By the mid-1960s, renegade country singer Johnny Cash’s personal and professional lives were becoming increasingly erratic. His record sales were in a slump, his addiction to prescription pills helped destroy his first marriage to Vivian Liberto, mother of Cash’s four daughters, and he was arrested for various misdemeanors, including an October 1965 bust in Texas when narcotics officers found more than 1,110 tablets and capsules hidden in his guitar case. While picking wildflowers five months earlier in Starkville, Mississippi, Cash was arrested for trespassing. While none of the arrests led to more than a single night behind bars, Cash began to turn his life around with the help of singer-comedienne June Carter, whom he would marry on March 1st, 1968.
Just prior to tying the knot, Cash and his wife, joined by his band the Tennessee Three, and rock legend Carl Perkins, played a pair of shows at California’s maximum security Folsom State Prison. Cash’s interest in playing prisons had been spurred while he was stationed in West Germany, serving in the U.S. Air Force Security Service. Cash had watched a dramatic 1951 film called Inside the Walls of Folsom Prison, and was inspired to write what would become one of his most recognizable songs, the 1955 hit, “Folsom Prison Blues.” The resulting LP, At Folsom Prison, marked a turning point in Cash’s career, becoming one of his best-selling albums to that point. But it wasn’t the Man in Black’s first concert appearance at the prison. In 1957, he played to inmates at Huntsville State Prison in Texas, and followed that with his first concert at San Quentin, also in California. On New Year’s Day in 1959, as well as the same day one year later, Cash played to an audience in San Quentin that included a young inmate named Merle Haggard, who was serving time for robbery and an escape attempt. Haggard would repeatedly tell the story that seeing Cash play at San Quentin was one of the factors that helped him get his life straightened out so he could pursue a music career.
The huge commercial and critical success of At Folsom Prison allowed Cash to record another live set at a prison, and San Quentin proved the obvious choice. In February 1969, Cash recorded a live album and a TV special for the U.K.’s Granada Television. With June Carter and the Carter Family, Carl Perkins and the Statler Brothers in tow, Cash performed now-classic hits such as “I Walk the Line” and “Folsom Prison Blues,” the true story of “Starkville City Jail,” and two songs that made their stage debut during the concert: “San Quentin” (performed and included on the resultant LP twice) and the Shel Silverstein-penned “A Boy Named Sue,” which would top out at Number Two on the pop chart, becoming his biggest crossover hit ever. The latter was reportedly a last-minute surprise to the TV crew and the band. While not as highly regarded as the At Folsom Prison performance, At San Quentin, which was released this week in 1969, topped both the country LP chart and the Billboard 200, becoming Cash’s first album to do so. It has since sold more than three million copies.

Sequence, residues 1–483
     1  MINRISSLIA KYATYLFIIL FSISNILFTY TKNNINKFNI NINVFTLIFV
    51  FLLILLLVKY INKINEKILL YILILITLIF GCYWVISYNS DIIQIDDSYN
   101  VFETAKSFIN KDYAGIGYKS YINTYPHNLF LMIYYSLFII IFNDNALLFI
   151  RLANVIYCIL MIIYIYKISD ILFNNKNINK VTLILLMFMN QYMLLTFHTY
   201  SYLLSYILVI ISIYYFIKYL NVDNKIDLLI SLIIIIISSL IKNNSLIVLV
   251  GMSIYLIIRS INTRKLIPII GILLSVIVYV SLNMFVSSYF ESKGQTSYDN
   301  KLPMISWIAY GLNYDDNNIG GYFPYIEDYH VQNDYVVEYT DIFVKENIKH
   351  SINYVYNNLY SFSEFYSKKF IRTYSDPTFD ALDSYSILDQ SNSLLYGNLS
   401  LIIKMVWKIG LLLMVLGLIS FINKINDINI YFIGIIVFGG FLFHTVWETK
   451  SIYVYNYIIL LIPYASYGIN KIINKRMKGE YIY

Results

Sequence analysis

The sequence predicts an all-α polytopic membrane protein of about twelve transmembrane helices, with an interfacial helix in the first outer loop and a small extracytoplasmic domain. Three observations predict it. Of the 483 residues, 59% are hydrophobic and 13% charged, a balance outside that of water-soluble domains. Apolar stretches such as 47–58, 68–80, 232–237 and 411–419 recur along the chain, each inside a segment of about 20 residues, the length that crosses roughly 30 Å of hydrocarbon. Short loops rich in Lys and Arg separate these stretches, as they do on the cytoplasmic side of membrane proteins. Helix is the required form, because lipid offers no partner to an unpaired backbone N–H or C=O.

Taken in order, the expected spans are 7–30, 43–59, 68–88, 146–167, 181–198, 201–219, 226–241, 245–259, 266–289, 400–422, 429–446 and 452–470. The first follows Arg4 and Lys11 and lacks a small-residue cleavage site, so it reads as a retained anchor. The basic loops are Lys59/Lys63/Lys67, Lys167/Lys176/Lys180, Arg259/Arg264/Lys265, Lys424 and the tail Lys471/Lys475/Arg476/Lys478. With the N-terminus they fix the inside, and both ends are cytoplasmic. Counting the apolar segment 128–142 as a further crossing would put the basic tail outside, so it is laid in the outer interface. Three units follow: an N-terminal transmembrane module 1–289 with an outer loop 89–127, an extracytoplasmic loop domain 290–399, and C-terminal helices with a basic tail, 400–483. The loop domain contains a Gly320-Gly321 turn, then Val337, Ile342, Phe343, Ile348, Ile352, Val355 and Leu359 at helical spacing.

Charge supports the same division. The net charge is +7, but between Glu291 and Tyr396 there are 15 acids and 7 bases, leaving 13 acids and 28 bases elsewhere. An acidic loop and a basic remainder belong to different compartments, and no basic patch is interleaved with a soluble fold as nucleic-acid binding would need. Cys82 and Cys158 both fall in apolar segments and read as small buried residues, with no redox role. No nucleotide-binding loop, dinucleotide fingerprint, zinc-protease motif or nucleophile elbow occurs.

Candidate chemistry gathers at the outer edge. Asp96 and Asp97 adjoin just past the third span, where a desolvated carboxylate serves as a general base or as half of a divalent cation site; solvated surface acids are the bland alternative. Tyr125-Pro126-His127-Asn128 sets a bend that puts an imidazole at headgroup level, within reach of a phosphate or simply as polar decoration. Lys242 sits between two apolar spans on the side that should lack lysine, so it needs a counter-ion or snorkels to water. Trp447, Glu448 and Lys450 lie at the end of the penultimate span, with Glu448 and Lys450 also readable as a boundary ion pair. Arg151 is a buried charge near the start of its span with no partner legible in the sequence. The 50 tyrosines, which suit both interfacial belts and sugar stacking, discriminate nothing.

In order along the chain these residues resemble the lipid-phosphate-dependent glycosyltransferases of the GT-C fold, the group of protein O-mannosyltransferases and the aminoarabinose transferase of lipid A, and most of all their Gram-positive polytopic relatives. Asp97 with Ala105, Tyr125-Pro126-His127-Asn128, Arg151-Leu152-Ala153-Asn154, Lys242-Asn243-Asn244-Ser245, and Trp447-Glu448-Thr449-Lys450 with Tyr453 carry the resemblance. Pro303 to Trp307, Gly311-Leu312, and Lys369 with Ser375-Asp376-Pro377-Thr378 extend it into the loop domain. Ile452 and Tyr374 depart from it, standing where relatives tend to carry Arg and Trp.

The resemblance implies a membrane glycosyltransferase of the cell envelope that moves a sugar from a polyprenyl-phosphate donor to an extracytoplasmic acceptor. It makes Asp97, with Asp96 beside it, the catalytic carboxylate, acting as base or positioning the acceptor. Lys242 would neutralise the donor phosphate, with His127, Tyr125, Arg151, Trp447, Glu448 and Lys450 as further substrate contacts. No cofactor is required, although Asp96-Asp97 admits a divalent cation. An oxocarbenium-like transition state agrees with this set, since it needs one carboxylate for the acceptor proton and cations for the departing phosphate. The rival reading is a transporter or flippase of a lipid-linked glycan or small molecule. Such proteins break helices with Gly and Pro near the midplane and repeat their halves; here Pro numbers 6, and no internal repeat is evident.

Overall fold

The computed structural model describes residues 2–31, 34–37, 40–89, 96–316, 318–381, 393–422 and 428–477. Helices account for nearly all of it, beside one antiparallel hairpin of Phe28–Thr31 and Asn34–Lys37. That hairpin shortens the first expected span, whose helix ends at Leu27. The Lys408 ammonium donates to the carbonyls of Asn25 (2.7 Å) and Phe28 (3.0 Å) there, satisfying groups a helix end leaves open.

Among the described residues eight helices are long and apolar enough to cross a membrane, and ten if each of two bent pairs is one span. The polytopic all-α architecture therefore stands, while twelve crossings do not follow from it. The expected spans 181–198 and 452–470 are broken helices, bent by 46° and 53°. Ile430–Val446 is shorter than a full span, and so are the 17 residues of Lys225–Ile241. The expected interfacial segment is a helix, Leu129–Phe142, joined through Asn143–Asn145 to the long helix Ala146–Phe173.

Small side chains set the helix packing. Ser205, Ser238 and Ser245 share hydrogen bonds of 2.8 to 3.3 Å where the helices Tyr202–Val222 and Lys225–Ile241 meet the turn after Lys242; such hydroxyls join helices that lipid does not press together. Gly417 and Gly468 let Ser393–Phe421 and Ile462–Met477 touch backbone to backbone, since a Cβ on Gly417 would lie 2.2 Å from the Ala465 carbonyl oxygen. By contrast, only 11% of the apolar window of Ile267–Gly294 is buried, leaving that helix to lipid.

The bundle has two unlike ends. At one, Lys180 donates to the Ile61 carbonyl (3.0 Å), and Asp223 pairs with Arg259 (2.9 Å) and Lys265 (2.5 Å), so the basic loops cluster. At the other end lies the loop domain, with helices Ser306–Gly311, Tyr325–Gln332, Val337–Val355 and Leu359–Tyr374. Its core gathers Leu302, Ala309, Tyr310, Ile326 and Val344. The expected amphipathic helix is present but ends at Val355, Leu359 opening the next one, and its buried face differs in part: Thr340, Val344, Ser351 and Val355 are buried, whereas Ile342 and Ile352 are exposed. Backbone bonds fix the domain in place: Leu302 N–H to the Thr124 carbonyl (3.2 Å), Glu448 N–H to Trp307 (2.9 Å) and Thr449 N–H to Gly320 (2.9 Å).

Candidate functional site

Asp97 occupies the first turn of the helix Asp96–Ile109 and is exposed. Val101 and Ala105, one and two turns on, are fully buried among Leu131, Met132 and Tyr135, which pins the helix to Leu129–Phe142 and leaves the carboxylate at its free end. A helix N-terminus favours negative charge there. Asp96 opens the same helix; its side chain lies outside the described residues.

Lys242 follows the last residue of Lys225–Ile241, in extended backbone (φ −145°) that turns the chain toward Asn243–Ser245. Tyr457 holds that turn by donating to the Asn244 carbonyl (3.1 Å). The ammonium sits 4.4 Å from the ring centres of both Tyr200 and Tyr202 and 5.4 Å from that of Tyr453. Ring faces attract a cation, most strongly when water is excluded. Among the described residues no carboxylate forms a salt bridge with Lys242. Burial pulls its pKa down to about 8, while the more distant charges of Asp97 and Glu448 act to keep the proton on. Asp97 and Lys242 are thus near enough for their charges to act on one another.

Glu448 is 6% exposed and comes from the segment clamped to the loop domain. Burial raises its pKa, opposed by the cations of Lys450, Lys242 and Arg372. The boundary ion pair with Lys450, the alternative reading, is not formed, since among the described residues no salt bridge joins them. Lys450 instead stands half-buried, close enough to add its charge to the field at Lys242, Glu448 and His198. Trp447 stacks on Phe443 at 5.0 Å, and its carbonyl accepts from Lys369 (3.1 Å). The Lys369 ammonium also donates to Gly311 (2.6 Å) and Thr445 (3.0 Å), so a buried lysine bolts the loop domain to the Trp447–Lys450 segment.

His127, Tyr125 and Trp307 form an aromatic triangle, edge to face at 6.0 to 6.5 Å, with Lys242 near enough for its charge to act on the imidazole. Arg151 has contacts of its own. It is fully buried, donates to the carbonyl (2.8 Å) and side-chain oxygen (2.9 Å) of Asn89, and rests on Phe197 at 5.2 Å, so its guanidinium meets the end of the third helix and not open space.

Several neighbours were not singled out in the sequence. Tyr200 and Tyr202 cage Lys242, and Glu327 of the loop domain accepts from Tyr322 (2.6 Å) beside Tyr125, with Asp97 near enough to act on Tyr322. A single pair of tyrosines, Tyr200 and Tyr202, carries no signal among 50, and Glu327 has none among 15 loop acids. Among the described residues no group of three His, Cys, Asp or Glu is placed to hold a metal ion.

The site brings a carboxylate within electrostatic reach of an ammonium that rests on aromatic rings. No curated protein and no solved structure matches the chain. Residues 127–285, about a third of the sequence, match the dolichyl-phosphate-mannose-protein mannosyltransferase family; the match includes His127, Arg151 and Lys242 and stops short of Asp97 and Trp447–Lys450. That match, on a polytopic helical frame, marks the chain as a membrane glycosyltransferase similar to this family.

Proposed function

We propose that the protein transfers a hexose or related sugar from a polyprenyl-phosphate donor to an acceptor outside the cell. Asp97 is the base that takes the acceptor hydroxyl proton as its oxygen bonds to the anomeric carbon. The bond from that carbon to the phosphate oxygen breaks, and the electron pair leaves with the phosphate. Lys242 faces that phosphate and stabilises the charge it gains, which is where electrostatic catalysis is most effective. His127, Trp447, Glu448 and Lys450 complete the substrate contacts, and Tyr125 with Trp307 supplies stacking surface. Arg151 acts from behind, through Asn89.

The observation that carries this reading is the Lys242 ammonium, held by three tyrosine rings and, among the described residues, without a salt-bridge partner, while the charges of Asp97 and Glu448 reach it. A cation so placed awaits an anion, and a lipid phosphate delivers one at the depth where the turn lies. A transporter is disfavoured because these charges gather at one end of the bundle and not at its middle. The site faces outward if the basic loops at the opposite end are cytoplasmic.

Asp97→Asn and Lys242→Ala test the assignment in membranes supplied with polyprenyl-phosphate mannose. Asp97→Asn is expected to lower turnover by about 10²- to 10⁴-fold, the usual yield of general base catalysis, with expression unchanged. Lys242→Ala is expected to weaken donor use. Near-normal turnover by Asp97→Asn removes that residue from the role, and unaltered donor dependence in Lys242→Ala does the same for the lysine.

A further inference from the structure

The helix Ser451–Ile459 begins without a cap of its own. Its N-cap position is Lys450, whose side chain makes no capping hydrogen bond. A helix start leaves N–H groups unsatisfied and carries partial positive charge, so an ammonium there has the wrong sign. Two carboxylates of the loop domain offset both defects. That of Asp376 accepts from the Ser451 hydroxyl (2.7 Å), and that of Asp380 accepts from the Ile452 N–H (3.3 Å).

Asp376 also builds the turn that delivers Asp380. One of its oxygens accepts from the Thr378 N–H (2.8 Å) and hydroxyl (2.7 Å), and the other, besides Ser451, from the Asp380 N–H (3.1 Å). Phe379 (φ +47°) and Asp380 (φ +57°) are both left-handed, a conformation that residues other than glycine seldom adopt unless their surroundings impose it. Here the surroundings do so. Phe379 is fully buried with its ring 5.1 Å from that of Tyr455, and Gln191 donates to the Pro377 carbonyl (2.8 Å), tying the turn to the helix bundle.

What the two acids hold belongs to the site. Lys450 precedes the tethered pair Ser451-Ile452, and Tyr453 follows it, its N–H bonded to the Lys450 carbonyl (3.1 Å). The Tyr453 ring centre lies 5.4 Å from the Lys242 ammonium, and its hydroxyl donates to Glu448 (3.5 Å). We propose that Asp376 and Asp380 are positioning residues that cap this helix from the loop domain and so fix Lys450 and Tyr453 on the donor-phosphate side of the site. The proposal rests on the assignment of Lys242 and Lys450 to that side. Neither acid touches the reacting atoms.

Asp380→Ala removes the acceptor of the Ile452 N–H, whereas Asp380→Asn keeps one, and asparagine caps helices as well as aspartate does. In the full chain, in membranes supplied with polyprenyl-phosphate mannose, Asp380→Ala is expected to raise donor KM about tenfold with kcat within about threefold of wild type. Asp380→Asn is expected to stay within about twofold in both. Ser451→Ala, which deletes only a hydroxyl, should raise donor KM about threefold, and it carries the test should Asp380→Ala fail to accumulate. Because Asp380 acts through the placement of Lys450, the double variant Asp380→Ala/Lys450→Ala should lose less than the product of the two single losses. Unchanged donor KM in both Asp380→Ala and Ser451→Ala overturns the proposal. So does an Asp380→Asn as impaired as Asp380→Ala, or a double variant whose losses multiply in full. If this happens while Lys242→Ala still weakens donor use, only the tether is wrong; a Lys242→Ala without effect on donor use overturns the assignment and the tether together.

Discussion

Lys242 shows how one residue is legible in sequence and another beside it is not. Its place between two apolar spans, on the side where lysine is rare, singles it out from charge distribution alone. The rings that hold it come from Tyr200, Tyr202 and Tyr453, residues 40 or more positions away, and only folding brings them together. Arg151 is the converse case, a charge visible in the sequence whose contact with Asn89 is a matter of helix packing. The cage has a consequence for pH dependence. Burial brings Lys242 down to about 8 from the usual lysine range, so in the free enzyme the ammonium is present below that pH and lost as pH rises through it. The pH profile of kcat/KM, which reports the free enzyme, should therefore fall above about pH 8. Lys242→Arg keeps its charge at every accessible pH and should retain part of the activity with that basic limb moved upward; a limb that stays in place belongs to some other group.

Another of the key performances from the album was “Wanted Man,” written with folk-rock icon Bob Dylan especially for Cash to perform at the prison. A slower, outlaw version of the rapid-fire “I’ve Been Everywhere,” “Wanted Man” name-checks cities, states, and even a few women, that are looking for him, although the whys and wherefores are left to the imagination. The lyrics could also be seen as a reflection of the high demand Cash’s (and indeed Dylan’s) fans had of him at the time, perhaps offering some explanation for the excesses that were weighing him down. “I’ve had all that I’ve wanted of a lot of things I’ve had and a lot more than I needed of some things that turned out bad,” he sings.
Cash introduces the song on At San Quentin by saying that he and Dylan wrote it “last week” at Cash’s house. The commanding performance at the prison was backed by the angelic Carter Family harmonies. In 1991, Cash would record the song again for The Mystery of Life, his final album on Mercury Records. The song had previously been covered by George Thorogood and the Destroyers on the 1982 LP, Bad to the Bone.
The San Quentin concert was also historic for another reason. Thanks to Cash’s assertion that the Granada TV crew was blocking the inmates’ view of the stage, he “saluted” them with an extended middle finger. The moment was captured for posterity in the infamous shot snapped by photographer Jim Marshall.